Gardening Without Soil

Now that I had their attention, it was time for our second investigation. Through their observations, students believed all plants grew in soil, so I asked, “Can plants grow without soil?” Again, my students looked at me like I was crazy. “How could a plant grow if it didn’t have soil? It would die!” one student stated. Our next investigation explored the phenomenon of hydroponics.

To begin, we placed two mint seeds each on eight sponges and placed the sponges into a small container of water. Each day my students observed the seeds and, at first, they told me their predictions had to be correct because nothing was happening. Then the seeds began to grow, but my students were still skeptical. “They’re growing, but they won’t last because they don’t have dirt.” After the plants were approximately one-inch tall (three weeks later), we placed the sponges into holding trays and placed the trays into the hydroponic unit. We added water to the unit and I added a liquid nutrient solution. “What’s that?” a student wondered. I explained the bottles contained nutrients. “So, is that like their vitamins?” a student asked. We compared the nutrients to the vitamins and minerals they need to grow. Still, my students had not made the connection that plants do not need soil but the nutrients within soil to grow.

Students react to the movement of the Mimosa plant.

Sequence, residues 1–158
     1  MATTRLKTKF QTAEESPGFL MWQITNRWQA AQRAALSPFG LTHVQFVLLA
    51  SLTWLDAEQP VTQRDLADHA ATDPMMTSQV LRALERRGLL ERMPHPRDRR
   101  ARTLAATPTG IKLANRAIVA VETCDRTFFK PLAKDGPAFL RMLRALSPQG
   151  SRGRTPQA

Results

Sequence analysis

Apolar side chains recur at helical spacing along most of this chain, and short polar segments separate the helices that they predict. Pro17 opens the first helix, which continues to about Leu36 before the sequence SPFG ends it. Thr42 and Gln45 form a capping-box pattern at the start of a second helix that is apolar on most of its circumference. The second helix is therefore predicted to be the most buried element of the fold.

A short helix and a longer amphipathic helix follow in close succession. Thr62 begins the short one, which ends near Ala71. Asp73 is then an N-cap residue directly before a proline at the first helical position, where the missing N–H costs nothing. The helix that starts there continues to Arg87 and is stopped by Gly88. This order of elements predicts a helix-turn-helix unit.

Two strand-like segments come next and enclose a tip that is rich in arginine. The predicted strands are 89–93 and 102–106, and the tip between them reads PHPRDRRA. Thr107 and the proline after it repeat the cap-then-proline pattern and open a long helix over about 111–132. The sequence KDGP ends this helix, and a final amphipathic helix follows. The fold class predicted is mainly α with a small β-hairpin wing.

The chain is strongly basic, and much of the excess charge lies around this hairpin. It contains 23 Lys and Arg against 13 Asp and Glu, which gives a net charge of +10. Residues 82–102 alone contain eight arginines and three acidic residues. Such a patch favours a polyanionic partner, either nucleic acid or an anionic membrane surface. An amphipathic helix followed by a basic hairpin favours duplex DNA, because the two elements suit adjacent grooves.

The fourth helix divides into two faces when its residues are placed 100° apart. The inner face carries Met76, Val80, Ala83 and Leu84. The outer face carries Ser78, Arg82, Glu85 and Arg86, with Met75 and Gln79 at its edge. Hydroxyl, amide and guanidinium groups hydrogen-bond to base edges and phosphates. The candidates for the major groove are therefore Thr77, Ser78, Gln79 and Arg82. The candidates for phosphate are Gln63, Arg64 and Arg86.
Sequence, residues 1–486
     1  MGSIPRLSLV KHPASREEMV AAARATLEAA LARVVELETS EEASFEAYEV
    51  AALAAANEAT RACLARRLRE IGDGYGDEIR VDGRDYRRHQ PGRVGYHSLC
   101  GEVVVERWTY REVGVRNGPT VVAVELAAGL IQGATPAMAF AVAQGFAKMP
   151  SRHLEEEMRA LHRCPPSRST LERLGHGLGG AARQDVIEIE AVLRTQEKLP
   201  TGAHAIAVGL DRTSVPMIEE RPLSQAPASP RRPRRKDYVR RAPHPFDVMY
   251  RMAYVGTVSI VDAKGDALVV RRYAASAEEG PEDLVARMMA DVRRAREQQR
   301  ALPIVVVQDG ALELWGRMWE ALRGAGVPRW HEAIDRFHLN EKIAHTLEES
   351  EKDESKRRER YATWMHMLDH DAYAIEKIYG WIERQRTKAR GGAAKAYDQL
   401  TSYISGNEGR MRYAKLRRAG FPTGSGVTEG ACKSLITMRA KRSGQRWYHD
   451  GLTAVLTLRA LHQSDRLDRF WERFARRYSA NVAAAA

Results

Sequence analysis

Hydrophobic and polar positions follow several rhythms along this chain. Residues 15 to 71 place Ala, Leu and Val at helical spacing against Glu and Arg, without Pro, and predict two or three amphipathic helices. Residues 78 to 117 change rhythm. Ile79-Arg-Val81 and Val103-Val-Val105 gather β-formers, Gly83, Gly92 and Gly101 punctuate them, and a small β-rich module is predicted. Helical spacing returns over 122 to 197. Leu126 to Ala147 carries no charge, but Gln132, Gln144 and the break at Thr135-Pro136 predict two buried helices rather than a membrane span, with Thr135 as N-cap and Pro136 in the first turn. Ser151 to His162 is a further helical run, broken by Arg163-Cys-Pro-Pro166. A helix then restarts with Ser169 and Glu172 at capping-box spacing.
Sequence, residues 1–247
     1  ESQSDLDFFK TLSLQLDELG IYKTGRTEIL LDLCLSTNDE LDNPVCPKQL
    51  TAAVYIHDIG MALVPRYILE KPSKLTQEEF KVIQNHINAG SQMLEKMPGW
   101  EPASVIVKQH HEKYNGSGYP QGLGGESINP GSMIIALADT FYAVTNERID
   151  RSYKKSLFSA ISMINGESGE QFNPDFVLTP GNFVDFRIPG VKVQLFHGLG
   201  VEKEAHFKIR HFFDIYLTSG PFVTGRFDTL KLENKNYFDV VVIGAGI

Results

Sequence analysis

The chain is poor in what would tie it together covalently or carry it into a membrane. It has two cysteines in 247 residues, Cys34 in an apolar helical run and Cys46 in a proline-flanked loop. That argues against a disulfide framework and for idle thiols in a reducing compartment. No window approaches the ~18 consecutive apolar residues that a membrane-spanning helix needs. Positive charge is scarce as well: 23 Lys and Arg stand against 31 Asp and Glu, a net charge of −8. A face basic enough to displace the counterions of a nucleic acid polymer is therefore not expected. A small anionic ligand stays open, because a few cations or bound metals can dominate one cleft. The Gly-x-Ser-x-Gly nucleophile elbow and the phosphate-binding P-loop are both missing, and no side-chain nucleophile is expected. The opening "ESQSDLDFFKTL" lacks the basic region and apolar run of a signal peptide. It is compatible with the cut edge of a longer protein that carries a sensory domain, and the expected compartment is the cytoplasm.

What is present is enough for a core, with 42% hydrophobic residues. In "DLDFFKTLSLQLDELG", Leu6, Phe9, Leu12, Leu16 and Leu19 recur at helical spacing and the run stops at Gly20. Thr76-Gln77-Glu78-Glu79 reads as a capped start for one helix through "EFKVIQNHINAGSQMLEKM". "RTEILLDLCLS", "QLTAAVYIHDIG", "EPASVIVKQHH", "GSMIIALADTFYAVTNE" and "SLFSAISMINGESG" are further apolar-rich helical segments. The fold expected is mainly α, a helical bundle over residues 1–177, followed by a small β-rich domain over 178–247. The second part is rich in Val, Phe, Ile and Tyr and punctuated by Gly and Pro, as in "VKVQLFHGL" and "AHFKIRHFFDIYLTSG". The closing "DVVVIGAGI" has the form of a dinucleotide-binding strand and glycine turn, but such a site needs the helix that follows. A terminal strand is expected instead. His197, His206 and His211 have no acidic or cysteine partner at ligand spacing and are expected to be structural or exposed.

Students react to the movement of the Mimosa plant.

Approximately three more weeks went by and the plants continued to grow. “How are they growing?” one student asked. I reviewed how the plants have light (from ultraviolet light), air, and nutrients, and I waited. “But they still don’t have dirt,” one student stated. “Wait! So, dirt doesn’t make a plant grow?” another asked. “Could the dirt hold the nutrients?” I posed. My students quickly realized plants need nutrients to grow, not just dirt. Playing upon their curiosities and questions, I showed them a video on hydroponics. My students began discussing their newfound knowledge and linked it to real-world examples such as using hydroponics for people who live in apartments and do not have land to grow a garden outside.

But the fun didn’t stop there. My students were amazed the plants smelled like mint and quickly realized mint comes from a plant! Using an infusion pitcher, we placed the mint inside, added water, and made mint water.